- Series: Daredevil
- Hardcover: 840 pages
- Publisher: Marvel; Reprint edition (March 15, 2016)
- Language: English
- ISBN-10: 9780785195368
- ISBN-13: 978-0785195368
- ASIN: 078519536X
- Product Dimensions: 7.6 x 1.8 x 11.2 inches
- Shipping Weight: 4.9 pounds (View shipping rates and policies)
- Average Customer Review: 47 customer reviews
- Amazon Best Sellers Rank: #132,712 in Books (See Top 100 in Books)
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Daredevil by Frank Miller & Klaus Jason Omnibus (New Printing) Hardcover – March 15, 2016
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A long bit of history as an introduction, I know, but here's what you need to understand, and why it relates to this book: when Daredevil first came about, it was during an explosion of creativity at Marvel that saw all these heroes explode on the scene. But while many thrived in the decade to come, by the late 1970's, Daredevil was on the verge of cancellation. The books weren't selling, and no one really cared about the character. It seemed "Ole Horn Head" was nearing his demise. Enter Frank Miller. Miller began as a penciller on DD, and within 10 issues, began writing the character, with the amazing Klaus Janson inking. What they did next revived the character, and left an imprint on comics that would last for decades to come.
What Miller and Janson did that I feel was most important was that they transitioned DD away from being a superhero book, into more of a neo-noir crime drama. Whereas before DD had battled costumed villians like Stilt-Man and The Owl, Miller brought Wilson Fisk, the notorious Kingpin of Crime, into the spotlight, as well as reinvigorating staple villain Bullseye, and formed one of the greatest hero-villain struggles in all of comics. Miller located Matt and his supporting cast almost exclusively in Hell's Kitchen, eliminating the need for Matt to battle all over NYC. The Avengers, Spider-Man, and others already had that covered. Matt was going to take care of Hell's Kitchen, the placed that made him who he is. This is important, as it changed DD's dynamic from a traditional superhero, into a devoted, sometimes violent guardian of several blocks in a sprawling city, a "backyard hero." This made Matt a character that was far more relatable and empathetic to readers. Very few of us go to save the world, but everybody understands the impulse to defend their home turf.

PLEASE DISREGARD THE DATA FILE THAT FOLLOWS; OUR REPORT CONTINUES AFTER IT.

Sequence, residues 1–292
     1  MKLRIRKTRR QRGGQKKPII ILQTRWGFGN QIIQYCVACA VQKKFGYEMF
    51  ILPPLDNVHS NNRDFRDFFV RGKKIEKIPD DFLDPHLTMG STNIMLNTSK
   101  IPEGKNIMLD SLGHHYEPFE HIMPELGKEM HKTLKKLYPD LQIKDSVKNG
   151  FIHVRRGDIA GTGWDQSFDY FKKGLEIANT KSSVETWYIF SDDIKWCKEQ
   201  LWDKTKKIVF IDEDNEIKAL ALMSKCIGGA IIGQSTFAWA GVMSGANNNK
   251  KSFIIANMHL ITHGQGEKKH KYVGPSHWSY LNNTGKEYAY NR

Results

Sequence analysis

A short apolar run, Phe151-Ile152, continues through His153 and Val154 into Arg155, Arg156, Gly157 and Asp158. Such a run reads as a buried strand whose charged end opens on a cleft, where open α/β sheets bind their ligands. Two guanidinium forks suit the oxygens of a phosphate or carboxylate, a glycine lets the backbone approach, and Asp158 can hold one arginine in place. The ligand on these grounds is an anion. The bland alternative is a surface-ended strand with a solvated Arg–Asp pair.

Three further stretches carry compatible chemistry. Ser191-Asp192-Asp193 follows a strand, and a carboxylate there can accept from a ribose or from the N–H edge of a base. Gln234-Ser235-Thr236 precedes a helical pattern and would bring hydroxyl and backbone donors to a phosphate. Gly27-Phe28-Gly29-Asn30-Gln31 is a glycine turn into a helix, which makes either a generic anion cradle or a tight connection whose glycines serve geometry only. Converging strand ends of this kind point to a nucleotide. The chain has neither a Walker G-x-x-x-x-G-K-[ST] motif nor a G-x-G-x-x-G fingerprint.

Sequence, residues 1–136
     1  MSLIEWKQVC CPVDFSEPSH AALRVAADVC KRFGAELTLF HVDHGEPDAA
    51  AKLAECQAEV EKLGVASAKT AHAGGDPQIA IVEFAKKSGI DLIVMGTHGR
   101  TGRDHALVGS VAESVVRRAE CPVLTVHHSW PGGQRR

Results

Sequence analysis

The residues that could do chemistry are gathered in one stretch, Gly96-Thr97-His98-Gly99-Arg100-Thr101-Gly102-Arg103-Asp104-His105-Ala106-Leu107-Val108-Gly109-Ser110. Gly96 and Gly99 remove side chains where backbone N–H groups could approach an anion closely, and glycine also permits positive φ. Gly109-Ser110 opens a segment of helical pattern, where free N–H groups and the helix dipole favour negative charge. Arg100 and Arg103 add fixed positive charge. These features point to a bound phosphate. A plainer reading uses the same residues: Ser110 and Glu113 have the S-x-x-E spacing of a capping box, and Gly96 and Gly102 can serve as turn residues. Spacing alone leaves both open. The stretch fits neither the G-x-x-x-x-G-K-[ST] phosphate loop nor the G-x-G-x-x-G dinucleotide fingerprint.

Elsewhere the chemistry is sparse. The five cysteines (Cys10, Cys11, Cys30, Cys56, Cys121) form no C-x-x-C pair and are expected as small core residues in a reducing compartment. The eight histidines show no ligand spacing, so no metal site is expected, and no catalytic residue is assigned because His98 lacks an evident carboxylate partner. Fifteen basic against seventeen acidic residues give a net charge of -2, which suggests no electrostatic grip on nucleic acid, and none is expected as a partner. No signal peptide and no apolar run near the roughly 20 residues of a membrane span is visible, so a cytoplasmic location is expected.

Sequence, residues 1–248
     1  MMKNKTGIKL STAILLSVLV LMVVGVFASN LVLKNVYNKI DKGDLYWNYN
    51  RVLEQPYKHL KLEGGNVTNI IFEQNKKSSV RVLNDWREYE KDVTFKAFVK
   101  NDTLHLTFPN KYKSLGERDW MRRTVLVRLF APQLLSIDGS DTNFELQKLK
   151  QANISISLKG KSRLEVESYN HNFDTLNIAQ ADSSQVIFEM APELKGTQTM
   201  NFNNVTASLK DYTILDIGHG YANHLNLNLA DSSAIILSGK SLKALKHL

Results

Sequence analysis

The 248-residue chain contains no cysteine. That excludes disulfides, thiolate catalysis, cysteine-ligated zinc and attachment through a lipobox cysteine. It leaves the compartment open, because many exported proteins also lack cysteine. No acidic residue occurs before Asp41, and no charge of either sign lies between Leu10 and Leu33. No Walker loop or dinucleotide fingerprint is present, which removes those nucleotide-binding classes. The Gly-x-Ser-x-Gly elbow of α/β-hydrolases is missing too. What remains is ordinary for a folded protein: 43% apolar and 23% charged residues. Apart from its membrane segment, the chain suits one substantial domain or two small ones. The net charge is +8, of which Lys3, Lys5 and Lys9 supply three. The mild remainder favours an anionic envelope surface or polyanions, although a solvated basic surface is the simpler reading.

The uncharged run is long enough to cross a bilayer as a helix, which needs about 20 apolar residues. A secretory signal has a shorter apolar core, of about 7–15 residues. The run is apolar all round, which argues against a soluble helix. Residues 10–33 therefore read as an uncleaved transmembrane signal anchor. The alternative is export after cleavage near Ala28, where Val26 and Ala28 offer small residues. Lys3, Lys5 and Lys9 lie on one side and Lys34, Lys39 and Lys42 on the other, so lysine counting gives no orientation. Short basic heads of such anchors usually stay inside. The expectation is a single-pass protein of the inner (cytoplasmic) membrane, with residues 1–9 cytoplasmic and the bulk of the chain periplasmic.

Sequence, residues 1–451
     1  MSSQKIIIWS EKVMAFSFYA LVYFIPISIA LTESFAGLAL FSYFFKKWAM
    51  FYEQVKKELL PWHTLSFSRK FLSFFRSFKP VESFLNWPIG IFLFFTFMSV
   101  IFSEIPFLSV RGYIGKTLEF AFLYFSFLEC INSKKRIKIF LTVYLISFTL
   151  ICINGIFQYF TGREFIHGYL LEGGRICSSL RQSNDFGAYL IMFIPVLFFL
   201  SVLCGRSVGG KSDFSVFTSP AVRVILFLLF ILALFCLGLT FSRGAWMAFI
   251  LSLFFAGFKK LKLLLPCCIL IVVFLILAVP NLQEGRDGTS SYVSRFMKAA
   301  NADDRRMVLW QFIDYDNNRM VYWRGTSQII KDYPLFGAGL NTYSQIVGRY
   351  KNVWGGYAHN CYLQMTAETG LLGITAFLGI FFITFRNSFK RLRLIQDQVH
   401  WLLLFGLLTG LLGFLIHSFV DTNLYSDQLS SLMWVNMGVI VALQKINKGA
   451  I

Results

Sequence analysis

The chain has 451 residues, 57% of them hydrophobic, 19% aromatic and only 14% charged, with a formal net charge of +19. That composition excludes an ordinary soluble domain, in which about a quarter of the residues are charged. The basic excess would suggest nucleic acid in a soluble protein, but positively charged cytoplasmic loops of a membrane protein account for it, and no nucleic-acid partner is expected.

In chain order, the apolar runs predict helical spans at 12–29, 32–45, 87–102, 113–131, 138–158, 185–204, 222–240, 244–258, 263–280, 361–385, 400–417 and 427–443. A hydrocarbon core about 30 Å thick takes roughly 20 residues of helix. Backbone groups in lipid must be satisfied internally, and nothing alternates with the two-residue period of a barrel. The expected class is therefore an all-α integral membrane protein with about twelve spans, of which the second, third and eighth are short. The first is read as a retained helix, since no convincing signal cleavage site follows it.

Miller's writing is great here. His senior efforts that made him a household name were still a ways off, and this is the voice of a growing artist, not a seasoned professional. Despite this, the dialogue is sharp, the scenarios well written and engaging, and the human drama is center stage. Miller had a vision when he assumed duties on DD, and he communicates it beautifully. I don't want to spoil things, but the continuous struggle that Matt endures, not only while combating the likes of Kingpin and Bullseye, is equaled in every way by his personal struggles amidst his love for Miller-created Elektra, Matt's lover turned master assassin, his vigilantism versus his oath to uphold the law, and his deep seeded guilt for his actions spurred by his Catholic beliefs versus his determination to right the wrongs in his city. Simply put, this is a story to rival any told not only in the comics medium, but any piece of fiction.